FIG. 13 is a longitudinal sectional view showing another representative embodiment of a combined condenser and heat exchanger according to the invention having U-shaped tubes; and

FIG. 14 is a fragmentary sectional view showing a thermal penetrater arrangement for a connection between a steam condenser shell and a heat exchanger shell.

DESCRIPTION OF PREFERRED EMBODIMENTS

In the typical conventional shell and tube-type steam surface condenser 10 shown in FIG. 1, a generally cylindrical shell 12 has a large area steam inlet opening 14 at the top and a condensate outlet opening 16 at the bottom. The shell 12 encloses an array of tubes 18 supported at opposite ends by two tube sheets 20 and retained in spaced relation by tube support plates 22 which are spaced at intervals along the length of the tubes. At one end of the shell 12, an inlet-outlet head 24 affixed to the tube sheet 20, has a horizontal partition plate 26 separating the head into an upper compartment 28 and a lower compartment 30 and an opening 32 at the top of the compartment 28 is arranged to receive a cooling liquid while another opening 34 at the bottom of the lower compartment 30 provides an outlet for the cooling liquid. At the opposite end of the shell 12 a hemispherical return head 36 receives the cooling liquid after it has passed through an upper bundle 38 of the tubes 18 and directs the liquid downwardly into a lower bundle 40 of the tubes 18. Accordingly, as the cooling liquid passes through the tubes in the upper and lower banks 38 and 40, the steam which is directed from the inlet opening 14 through the spaces between the tubes 18 is cooled and condensed onto the surface of the tubes, producing liquid condensate which collects in a hot well 42 at the bottom of the shell 12 and is conveyed therein to the condensate outlet 16.

FIG. 2 illustrates a conventional shell and tube-type heat exchanger 50 having a generally cylindrical outer shell 52 and upper and lower bundles 54 and 56 of tubes 58 supported within the shell from two tube sheets 60 mounted at opposite ends of the shell 52. A hot liquid inlet 62 at one end of the top of the shell 52 supplies a liquid to be cooled to the interior of the shell and a series of internal baffles 64, defining alternate upper and lower liquid passages, are mounted within the shell to direct the hot liquid in a sinuous path around the upper and lower tube bundles 54 and 56 path to a hot liquid outlet 66 at the opposite end of the shell.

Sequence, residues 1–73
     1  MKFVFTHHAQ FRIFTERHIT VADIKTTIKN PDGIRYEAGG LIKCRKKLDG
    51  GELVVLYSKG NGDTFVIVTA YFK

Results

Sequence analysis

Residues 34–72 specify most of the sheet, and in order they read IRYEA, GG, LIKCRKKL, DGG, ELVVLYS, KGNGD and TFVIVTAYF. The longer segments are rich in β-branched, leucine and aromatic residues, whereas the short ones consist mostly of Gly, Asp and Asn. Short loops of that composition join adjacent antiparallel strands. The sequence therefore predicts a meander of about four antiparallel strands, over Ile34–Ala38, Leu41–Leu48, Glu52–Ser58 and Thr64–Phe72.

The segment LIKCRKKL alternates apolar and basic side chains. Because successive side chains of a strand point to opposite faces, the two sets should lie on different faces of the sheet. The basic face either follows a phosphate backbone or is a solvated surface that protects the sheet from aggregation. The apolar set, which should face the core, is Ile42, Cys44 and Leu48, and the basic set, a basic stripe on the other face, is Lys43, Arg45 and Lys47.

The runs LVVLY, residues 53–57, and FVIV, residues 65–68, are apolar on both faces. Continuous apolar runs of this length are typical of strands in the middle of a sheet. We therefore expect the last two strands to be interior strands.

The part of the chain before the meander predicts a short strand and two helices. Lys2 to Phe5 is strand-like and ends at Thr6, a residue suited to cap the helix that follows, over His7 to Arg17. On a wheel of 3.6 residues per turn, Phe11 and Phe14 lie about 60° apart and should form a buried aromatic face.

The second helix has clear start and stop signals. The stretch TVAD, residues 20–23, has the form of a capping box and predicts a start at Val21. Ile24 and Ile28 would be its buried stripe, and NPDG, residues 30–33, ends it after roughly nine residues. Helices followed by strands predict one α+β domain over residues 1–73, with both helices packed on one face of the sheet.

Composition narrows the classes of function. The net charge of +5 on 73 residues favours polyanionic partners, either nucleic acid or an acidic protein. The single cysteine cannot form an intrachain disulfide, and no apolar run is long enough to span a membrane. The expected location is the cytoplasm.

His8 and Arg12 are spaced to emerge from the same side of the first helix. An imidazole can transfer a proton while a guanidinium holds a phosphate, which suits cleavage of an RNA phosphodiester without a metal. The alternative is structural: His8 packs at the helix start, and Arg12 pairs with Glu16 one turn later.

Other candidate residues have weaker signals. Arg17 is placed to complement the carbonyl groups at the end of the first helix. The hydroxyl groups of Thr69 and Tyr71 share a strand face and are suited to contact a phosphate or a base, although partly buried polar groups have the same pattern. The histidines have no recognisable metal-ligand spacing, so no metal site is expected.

In order to cool the hot liquid, an inlet/outlet head 68, of the same type described above with respect to FIG. 1 and having a horizontal central partition 70, is affixed to the tube sheet 60 at one end of the shell 52. Cooling liquid is supplied to an upper compartment 72 through an inlet 74 and passes through the upper bundle 54 of tubes to a return head 76 mounted on the tube sheet 60 at the opposite end of the shell. The return head directs the cooling liquid through the lower bundle 56 of tubes from which the cooling liquid passes into a lower compartment 78 in the inlet/outlet head 68 and is directed from the lower compartment 78 to a cooling liquid outlet 80.

Some conventional shell and tube heat exchangers have U-shaped tubes or apply enhancement such as fins to the tubes to reduce the size of the unit and/or manufacturing cost. In conventional shell and tube-type heat exchangers of the type described, the gap between adjacent tubes is typically about 30% to 50% of the outside diameter of the tubes.

In accordance with the invention, a combined steam condenser and heat exchanger is provided in a single structure. A typical embodiment of a condenser and heat exchanger 90 in accordance with the invention is illustrated in FIGS. 3-12. In this embodiment, a condenser shell 92 has a large area steam inlet opening 94 at the top, a hot well 96 at the bottom to receive steam condensate and a condensate outlet 98 from which the condensate may be withdrawn.

Within the shell 92, three bundles of tubes 100 are supported between two tube sheets 102 affixed to opposite ends of the condenser shell 92, i.e., an upper bundle 106, a central bundle 108, and a lower bundle 110. The central bundle 108 and the surrounding space are hydraulically separated from the upper and lower bundles by an inner heat exchanger shell 112 which is mounted in sealing relation to the tube sheets 102. A heat exchanger inlet 114, shown in FIG. 3, supplies a hot liquid to be cooled to the interior of the heat exchanger shell, and the hot liquid which has been cooled in the heat exchanger passes out through a heat exchanger outlet 1 16. Both the inlet and outlet extend from the inner heat exchanger shell to the exterior of the outer condenser shell 92.

In order to condense steam supplied through the steam inlet opening 94 and to cool the liquid supplied to the heat exchanger inlet 114, the typical embodiment shown in FIGS. 3-12 provides a three-pass cooling liquid arrangement, although more passages could be provided if desired. In this arrangement, an inlet head 120 is affixed to the tube sheet 102 at one end of the tube array and an outlet head 122 is affixed to the other tube sheet 102 at the opposite end of the array. The inlet head 120 has a cooling liquid inlet 124 and inspection windows 125. The cooling liquid inlet leads to a central generally cylindrical chamber 126 defined by a cylindrical partition plate 128 which separates the central chamber 126 from a toroidal outer chamber 130 surrounding the chamber 126. From the central cylindrical chamber 126 of the inlet head 120 cooling water received in the inlet 124 passes through all of the tubes 100 in the central circular bundle 108 contained within the heat exchanger shell 112 and also through a generally circular inner portion 134 of the tubes in the upper and lower bundles 106 and 110, thereby providing a first pass of the cooling liquid through a portion of the steam condenser tubes as well as the heat exchanger tube bundle 108.